The Satanic Temple will give Florida another chance after being blocked from putting up a holiday display last year, as the state intends to maintain its mostly open-door, first-come, first-served policy on Capitol displays.
Rather than institute a new policy that would limit displays as some expected, the state Department of Management Services is trying to make the application process easier for groups seeking to put up temporary displays in the Capitol complex.
And before a new online application process becomes available, a spokesman for the New York-based temple — which threatened a lawsuit after last year’s proposed display was deemed “grossly offensive” — says the group will again apply.
“I would definitely like to see The Satanic Temple submit a holiday display again this year,” temple spokesman Lucien Greaves said in an email Wednesday. “We’ll get to work early.”
Greaves added he was “completely mystified that no policy changes have been made.”
No reason was given by the Department of Management Services for holding pat on the display policy.
The application process was under review earlier this year, spurred by the diverse exhibits that dotted the Capitol rotunda during the holiday season.
Some of the displays included a pole made of empty beer cans to mark the sitcom-created Festivus holiday and a shredded pile of paper that was supposed to resemble the deity of the Church of the Flying Spaghetti Monster.
Meanwhile, the state denied the temple’s proposal that would have bannered the phrase “Happy holidays from the Satanic Temple” atop a diorama of an angel falling into hell.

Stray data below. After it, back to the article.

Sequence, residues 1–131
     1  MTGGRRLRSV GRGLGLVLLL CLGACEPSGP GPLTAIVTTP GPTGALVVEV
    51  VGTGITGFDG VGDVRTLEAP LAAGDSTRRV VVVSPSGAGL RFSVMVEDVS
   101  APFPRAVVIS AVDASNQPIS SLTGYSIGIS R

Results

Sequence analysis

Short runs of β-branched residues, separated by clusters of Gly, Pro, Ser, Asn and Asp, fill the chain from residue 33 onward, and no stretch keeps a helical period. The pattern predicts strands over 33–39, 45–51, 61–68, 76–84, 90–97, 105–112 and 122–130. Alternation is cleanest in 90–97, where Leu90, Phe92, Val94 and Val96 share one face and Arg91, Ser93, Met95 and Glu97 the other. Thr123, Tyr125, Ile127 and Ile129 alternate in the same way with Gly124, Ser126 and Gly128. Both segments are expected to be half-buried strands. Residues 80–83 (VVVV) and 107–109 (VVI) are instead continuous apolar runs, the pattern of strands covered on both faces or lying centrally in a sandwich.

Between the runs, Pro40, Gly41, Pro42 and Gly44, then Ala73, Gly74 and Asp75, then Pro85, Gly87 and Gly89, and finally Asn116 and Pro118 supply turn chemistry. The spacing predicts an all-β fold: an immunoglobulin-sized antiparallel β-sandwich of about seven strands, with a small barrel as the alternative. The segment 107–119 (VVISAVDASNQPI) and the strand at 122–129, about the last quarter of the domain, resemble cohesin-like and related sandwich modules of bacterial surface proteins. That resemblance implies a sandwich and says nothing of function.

The outburst of seasonal displays, from groups such as the Tallahassee Atheists and the Madison, Wis.-based Freedom From Religion Foundation, came in reaction to media coverage of the Florida Prayer Network’s introduction of a Christian nativity scene in the Capitol. The nativity joined a Hanukkah menorah and Christmas trees that have been displayed for years on the first floor of the Capitol.
Pam Olsen, president of the Florida Prayer Network, praised the state agency decision to maintain the space as an open forum for views.
“It’s the people’s building, any Capitol is where the people gather and make their voice heard and it should stay free,” Olsen said.
The Department of Management Services limits the height of displays based on where they are located in the rotunda and prohibits displays from blocking permanent memorials such as the Civil Rights and Veterans halls of fame. Also, the department will allow displays as long as there is available space, but does have rules against noise and impeding official business.
The display issue came up this week as DMS started to run a seven-minute tutorial video on its website Wednesday about what is expected to be a streamlined application process.
The new online application is expected to go live Monday.
Department spokesman Ben Wolf said the change from paper applications is “to make it more efficient for the public.”
While the Satanic Temple, is making plans to apply, others are less committal. Olsen said her group has a number of projects planned for the coming year at the Capitol, but wants to wait until the new application process is in place to commit to bringing the nativity scene back.
“It’s in my calendar to look at the tutorial and figure it out,” Olsen said. “It’s going to be a busy year, with lots and lots of prayer events and things happening.”
South Florida political blogger Chaz Stevens, who found space for a 6-foot-tall “Festivus” pole made of Pabst Blue Ribbon cans, also remained non-committal about returning to Tallahassee this year.
Stevens has posted on his website that he’d like to once again install the beer can pole in the Capitol rotunda. However, in an email on Wednesday Stevens said he may not apply but “just want to make sure my options.”
Stevens’ irreverent display was in opposition to the nativity scene and to make a point about the need for a separation between church and state.
Festivus is a “holiday” created for the TV sitcom “Seinfeld” as a non-commercial festival “for the rest of us” in the Christmas and year-end holiday season.
–Jim Turner, News Service of Florida